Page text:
Coaching To Explore Values And Beliefs

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One of your fundamental responsibilities as a coach is to shift the way your clients think.

Our life is what our thoughts make it.

Marcus Aurelius Antoninus

In order to shift their thinking, you need to really understand the experiences that have shaped them into the person they are today.

This is where understanding your client’s values and beliefs becomes your single most important exploration.

Amateur coaches create change. Master coaches transform.

When you help your clients understand their underlying values, and shift their beliefs, you make the invisible visible for them. You ensure that they can never go back to becoming the person they were before they started working with you.

And this is the hallmark of real transformation.

Before you can reframe your client’s values and beliefs, you need to understand how they are formed.

How Are Values And Beliefs Formed?

How Are Beliefs Formed? Values and Beliefs

Understanding the human brain is fundamental to understanding your client’s thinking, behaviour, and decisions.

The brain changes continuously through the experiences we have. And our state of mind in a situation is a direct function of our life experiences. Everytime we experience something new, there are physical changes taking place in the brain – we either form new neural connections or generate new neurons. 

In the same way no two people have the same upbringing, nutrition, education, culture, and environment, no two people have the same beliefs, habits, values, and character.

Knowing this as a coach helps you understand why no two clients of yours will be the same, and why understanding their life experiences is critical.

It’s not just what happens to your client during an experience, but what they think happens.

We interpret our experiences and make choices that make us feel better. We perceive the world in a way that helps us survive in a certain situation.

If our brain recognizes that a certain perception of the world helps us interact with our environment and survive, it will continue to choose that over others. And every time our brain chooses that perception, the underlying neural pathway and connections grow stronger, thus strengthening it.

In this way, we continuously analyze what worked in the past as a way to predict what might work in the present or in the future. It’s this pattern of actions and consequences that forms our beliefs and guides our decisions.

What Is A Belief?

What Is A Belief? - Values and Beliefs

A belief is something that your client accepts as truth without enough proof or evidence. It is what your client thinks they ought to be.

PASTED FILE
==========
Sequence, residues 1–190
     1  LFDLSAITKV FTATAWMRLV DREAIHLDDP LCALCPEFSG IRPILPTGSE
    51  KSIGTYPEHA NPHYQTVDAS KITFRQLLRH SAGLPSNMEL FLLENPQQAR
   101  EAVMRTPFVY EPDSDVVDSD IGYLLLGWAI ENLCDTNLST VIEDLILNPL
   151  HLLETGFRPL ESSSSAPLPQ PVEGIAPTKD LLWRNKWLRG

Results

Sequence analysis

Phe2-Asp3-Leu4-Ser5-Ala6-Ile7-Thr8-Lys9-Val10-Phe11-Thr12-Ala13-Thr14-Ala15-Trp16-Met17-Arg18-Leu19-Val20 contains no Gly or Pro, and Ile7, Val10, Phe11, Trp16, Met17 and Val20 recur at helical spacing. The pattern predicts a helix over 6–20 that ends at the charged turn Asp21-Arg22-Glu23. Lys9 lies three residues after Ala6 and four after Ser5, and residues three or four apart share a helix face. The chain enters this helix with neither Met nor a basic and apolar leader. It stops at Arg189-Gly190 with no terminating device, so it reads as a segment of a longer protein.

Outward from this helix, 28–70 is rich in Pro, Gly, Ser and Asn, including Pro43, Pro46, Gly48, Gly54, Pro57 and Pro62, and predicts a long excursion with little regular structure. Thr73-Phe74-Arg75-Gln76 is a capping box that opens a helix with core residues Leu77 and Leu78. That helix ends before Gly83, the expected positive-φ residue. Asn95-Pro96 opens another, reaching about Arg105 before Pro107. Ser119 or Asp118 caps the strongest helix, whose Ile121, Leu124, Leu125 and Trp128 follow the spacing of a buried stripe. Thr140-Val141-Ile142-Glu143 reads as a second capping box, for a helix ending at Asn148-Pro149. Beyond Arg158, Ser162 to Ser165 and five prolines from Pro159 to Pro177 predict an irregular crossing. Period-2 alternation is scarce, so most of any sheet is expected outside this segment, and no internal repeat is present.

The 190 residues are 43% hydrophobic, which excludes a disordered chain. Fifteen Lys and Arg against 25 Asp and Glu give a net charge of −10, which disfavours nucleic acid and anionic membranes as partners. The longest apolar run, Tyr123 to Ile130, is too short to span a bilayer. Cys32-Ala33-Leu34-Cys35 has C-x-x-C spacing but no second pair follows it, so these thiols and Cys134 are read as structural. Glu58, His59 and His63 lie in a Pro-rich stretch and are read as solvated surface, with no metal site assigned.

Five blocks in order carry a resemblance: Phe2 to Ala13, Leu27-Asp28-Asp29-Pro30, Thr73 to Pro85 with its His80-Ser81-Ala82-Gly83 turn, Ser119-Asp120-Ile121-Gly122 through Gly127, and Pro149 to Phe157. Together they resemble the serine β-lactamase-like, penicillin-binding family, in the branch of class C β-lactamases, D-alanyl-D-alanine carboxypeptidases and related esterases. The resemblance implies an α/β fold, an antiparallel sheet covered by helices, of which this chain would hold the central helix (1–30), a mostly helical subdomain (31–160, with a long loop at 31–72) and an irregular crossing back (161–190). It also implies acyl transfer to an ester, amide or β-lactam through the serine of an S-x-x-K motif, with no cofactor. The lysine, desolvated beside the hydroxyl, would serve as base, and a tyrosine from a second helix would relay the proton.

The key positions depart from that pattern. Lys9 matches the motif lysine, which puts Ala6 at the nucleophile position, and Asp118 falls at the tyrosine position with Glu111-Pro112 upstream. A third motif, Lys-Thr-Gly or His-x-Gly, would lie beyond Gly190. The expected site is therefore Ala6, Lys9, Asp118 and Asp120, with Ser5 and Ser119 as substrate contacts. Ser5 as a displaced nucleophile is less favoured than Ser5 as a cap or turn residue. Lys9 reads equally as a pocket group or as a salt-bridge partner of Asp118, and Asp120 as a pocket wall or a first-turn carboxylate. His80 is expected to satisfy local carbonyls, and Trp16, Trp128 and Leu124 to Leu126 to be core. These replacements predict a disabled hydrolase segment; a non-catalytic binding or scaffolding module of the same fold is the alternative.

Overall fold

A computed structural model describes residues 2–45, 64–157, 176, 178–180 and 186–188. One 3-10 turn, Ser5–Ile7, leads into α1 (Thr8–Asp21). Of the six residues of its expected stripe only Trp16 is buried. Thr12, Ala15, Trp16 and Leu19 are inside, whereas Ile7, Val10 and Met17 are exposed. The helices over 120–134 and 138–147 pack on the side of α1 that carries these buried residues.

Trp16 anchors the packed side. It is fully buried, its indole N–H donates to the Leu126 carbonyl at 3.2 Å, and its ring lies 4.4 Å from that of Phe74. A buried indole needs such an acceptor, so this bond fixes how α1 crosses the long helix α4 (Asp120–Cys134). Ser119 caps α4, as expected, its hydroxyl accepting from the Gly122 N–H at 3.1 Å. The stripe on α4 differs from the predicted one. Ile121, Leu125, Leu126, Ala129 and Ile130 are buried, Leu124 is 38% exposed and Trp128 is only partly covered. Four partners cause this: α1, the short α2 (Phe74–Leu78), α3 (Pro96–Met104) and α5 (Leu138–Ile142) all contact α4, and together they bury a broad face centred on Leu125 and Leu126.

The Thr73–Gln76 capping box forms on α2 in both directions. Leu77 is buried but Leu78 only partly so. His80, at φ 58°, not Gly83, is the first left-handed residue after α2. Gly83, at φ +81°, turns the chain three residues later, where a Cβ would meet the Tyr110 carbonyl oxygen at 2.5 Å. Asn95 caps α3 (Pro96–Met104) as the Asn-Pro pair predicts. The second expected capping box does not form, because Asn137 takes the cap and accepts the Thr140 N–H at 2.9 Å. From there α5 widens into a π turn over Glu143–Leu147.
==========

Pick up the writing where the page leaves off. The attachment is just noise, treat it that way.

Their beliefs shape how they act, feel, and make meaning of the world around them.

The human brain is a “meaning-making machine” that is constantly forming new beliefs.

You make your beliefs and then your beliefs make you!

We consciously or unconsciously adopt most of our beliefs in our childhood, from our parents, friends, family, and culture. Since most of them are formed during our formative years, we hardly understand them. And we spend most of our lives trying to find experiences that validate these beliefs.

Your primary job as a coach is to dig deeper – to help your client understand how their behaviour stems from a deep rooted belief they hold about something.

Beliefs Can Help Your Clients Or Hurt Them

The Nature of Values and Beliefs

Although beliefs are designed to keep us safe, not all drive us towards success.

Beliefs are primarily of two kinds:

Limiting Beliefs – These beliefs hold your clients back from expressing themselves fully.

For example: As a kid, your client saw his parents struggling with money. They both worked for many hours a day with no results. As a grown up, he might form a belief that no matter how hard he works, he will always struggle with money.

Another limiting belief that often holds people back is that I’m not good enough.

Empowering Beliefs – These beliefs help your clients live to their fullest potential.

For example: Your client’s father might have been very authoritative, raising his voice every time she tried to contribute with an opinion. She formed a belief that “opinions matter” – and so as an entrepreneur she would always allow her employees to express their opinion candidly without holding back.

Helping your clients identify their limiting beliefs and replacing them with more empowering beliefs, is one of the most powerful things you can do as a coach.

Remember, beliefs are not factual truths. It is your client’s version of a truth based on an experience they’ve had.

3-Step Process To Embed A New Belief (IRE)

change your beliefs

1. I – Identify where the belief was born